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Rick Perry pushing for Texas bill that would study psychedelic drugs for PTSD in vets

The bill would order a clinical study of using psilocybin, which is found in "magic mushrooms," to help veterans dealing with PTSD.

AUSTIN, Texas — Former Texas Gov. Rick Perry is back at the State Capitol, pushing for a bill that would order a study of psychedelic drugs to treat post-traumatic stress disorder in veterans.

House Bill 1802 would create a study evaluating the safety and efficacy of certain psychedelic drugs in the treatment of PTSD in vets. According to The Texas Tribune, the bill would direct the Health and Human Services Commission (HHSC) to conduct the clinical study of psilocybin in partnership with a health sciences university and a Veterans Affairs hospital. Psilocybin is the active ingredient in "magic mushrooms."

The Texas proposal would also ask HHSC to do a literature review – a survey of prior studies – of using not just psilocybin but also MDMA and ketamine to treat PTSD in veterans, The Texas Tribune reported.

RELATED: New Mexico to be 17th state to legalize recreational marijuana

In the 2020 general election, Oregon became the first state to legalize magic mushrooms. In Washington, D.C., voters elected to decriminalize the use of magic mushrooms and other psychedelic substances.

WATCH: Rick Perry pushing for Texas bill that would study psychedelic drugs for PTSD in vets

Perry, the former governor and former U.S. secretary of energy, joined Texas Rep. Alex Dominguez for a press conference on April 14 to push for the bill. Perry was joined by veterans he's formed a relationship with over the years, including retired Navy SEAL Morgan Luttrell and Dakota Meyer, a Marine veteran and Medal of Honor recipient. 

"We watch and learned as states across the country and nations around the world are studying these compounds and finding the medical applications for them. It's time for Texas to join the fight," said Dominguez. "With the mental health epidemic growing in every segment of American society, it's clear that current solutions are not succeeding. New approaches are desperately needed for all people suffering from stress and trauma-related mental conditions, but especially for veterans. We must pursue every possible treatment for these issues."

Perry said he was inspired many years ago after he and his wife met with a Navy SEAL who struggled with post-traumatic stress and opioid addiction. He said he has since worked with many young veterans who suffered through similar struggles.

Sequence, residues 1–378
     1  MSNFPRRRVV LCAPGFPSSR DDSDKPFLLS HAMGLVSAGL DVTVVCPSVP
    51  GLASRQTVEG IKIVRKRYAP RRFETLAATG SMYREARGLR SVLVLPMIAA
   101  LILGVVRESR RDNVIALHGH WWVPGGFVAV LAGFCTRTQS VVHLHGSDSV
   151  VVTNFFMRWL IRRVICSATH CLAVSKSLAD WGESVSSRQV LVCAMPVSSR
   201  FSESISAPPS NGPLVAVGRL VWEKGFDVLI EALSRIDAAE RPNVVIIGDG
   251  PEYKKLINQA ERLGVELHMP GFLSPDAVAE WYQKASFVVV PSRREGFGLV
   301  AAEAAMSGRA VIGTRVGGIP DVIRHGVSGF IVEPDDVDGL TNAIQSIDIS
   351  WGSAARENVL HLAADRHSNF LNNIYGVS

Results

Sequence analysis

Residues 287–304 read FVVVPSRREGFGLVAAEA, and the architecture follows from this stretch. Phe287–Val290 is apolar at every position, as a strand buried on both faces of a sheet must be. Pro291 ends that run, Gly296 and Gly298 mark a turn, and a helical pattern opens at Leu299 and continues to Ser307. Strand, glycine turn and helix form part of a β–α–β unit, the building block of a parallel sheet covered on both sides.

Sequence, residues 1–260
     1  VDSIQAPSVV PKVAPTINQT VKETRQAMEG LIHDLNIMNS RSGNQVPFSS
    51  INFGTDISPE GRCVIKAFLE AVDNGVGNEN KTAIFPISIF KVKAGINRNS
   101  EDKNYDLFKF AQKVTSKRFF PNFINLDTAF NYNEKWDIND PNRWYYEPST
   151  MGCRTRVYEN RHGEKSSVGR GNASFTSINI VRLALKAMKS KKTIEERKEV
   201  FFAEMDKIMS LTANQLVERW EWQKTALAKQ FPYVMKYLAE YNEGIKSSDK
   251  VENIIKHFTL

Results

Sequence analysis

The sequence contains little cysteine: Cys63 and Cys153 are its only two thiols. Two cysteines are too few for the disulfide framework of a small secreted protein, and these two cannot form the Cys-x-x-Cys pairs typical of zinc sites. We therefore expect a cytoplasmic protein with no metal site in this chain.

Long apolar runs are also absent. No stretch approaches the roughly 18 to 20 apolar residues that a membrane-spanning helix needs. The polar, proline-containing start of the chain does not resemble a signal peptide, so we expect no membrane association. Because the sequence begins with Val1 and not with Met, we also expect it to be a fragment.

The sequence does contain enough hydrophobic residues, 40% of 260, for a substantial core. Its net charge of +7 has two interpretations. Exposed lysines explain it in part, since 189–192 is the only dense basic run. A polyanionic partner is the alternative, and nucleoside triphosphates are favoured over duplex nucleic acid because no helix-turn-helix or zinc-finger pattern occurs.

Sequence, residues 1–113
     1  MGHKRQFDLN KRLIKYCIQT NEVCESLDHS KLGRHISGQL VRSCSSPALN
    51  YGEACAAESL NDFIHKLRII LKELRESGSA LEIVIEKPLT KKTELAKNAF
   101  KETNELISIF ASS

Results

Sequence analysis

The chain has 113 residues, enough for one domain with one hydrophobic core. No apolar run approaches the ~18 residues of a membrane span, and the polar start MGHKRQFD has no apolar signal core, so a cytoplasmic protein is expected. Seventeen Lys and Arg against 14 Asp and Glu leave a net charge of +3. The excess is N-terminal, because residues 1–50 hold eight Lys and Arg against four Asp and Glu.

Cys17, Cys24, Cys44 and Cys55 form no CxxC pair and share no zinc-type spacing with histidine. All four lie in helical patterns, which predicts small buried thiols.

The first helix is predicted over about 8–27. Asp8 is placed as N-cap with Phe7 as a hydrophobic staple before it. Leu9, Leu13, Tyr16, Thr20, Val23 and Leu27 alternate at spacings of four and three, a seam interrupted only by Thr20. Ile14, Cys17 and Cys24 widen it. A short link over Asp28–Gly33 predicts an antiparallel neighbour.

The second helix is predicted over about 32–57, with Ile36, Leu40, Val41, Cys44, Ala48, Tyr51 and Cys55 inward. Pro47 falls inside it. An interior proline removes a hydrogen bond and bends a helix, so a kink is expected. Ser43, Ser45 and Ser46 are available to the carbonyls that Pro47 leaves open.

"I'm a great example of a fairly conservative elected official who is against drugs in any form," said Perry. "Back in 2013, I had a mother come in and visit with me about the medical use of marijuana. I was against that. But she came in and she showed me where her young son could ... get over these epileptic seizures by the use of this compound that was overseen medically, appropriately dosed, and that's what we're talking about here with this compound of psilocybin in a clinical trial environment. With the right medical oversight, the right diagnosis, the right dosing ... working them through this experience and then the right follow-up ... these compounds are different than no other compound that we would have in our arsenal. If you will use it properly, it can save lives."

Perry closed thanking the veterans and their families for joining them, and opened the floor for them to share their experiences.

"The potential science that is going to come out of this, I will suggest to you, is going to have an effect across our populations," he added. "Whether it's a young lady who plays soccer, who's being concussed multiple times, and whether it's an individual who has been sexually assaulted and the post-traumatic stress that occurs to that individual, the idea that we have in our hands, a way to positively affect their future, is a powerful thing. And I hope the members of the legislature take this opportunity, they go forward with it and we very loudly and proudly, if you will, share with the rest of the world what Texas is doing for its veterans."

In the U.S., an estimated 20 veterans commit suicide each day and their deaths are often linked to PTSD or traumatic brain injury. In other countries, psilocybin is used to help treat these disorders.

Marcus Capone, a U.S. Navy Seal who left the U.S. to be treated with psilocybin, and his wife, Amber, were also at the Capitol to talk about how the drug helped save Capone's life. The two created the organization VETS to help other veterans get the same treatment. 

HB 1802 is currently assigned to House Committee on Public Health, where it has not yet been scheduled for a public hearing.

WATCH: Texas legislators tackle marijuana proposals


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